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For the cooks reading this, I do sometimes cook and I have the most wonderful ingredients to choose from. What is of course great about market shopping is that because each vendor specialises in one particular product, the quality is fantastic and consistent. Fruit and vegetables are fresh daily and here are some of the stalls I can go to when I do fancy a spot of cooking…

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I don’t even need to make my own curry paste — a basic in Thai cookery…

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The fields around my town are full of pineapples and I always buy mine from this lady. She never ever smiles – except, it seems, when I produce a camera. She thought this was hilarious …

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As I made my way to get my motorbike taxi home, everyone it seemed wanted to have their picture taken. This stall holder was feeling left out…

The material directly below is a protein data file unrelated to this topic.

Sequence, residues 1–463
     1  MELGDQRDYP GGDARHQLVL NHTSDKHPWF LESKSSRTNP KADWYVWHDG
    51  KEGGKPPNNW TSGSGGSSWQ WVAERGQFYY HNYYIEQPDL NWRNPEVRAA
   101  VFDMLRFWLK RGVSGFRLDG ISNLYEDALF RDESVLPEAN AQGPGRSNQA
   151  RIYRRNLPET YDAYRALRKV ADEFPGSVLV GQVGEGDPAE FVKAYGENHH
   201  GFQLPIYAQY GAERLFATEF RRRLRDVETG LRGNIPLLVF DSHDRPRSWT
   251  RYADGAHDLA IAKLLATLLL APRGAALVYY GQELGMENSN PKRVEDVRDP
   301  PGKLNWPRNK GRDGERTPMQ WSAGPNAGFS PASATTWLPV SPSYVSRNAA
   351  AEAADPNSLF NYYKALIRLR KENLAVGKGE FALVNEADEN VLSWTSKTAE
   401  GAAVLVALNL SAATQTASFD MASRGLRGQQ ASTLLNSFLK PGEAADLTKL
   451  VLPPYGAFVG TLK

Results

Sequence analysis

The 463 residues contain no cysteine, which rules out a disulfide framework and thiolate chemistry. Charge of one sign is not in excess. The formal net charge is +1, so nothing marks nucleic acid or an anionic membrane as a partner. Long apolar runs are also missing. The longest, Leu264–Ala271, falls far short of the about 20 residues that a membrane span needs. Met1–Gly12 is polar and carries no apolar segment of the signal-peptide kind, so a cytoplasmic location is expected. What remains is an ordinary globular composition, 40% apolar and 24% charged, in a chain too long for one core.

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… so too were these three at the Thai whisky vendor…

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Even the taxi drivers wanted to be included in this breaking story …

P1070856And so I was whisked back home to my empty Thai kitchen. At least the fridge is full though! More to follow on my Thai food experiences.

Footnote – the is what happened when I attempt to cook a few weeks later… tempered glass shatters. Absolutely no home cooking now!

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4 thoughts on “My Thai kitchen secret

  1. The only veg I recognised on sale were carrots,onions and tomatoes!! But doesn’t this go against all the advice about NOT eating anything from stalls?

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    • Hi Susie – yes, lots of great and sometimes unusual veg here. Not sure what advice you mean – I thought stalls and street markets had made a big comeback in “the West” re Farmers markets? Artisan made, organic and GM free etc. The food here is all of that. Risk adverse travellers/holiday makers that want to minimise the risk of potentially looking at bathroom tiling for a few hours may of course wish to follow conservative advice, but they will miss out on a great part of any culture – local food. As an expat of 10 years plus, I have learnt to condition my body to my environment, and that includes consuming local food and drinking filtered water. What my body consumes rarely needs to make a swift exit.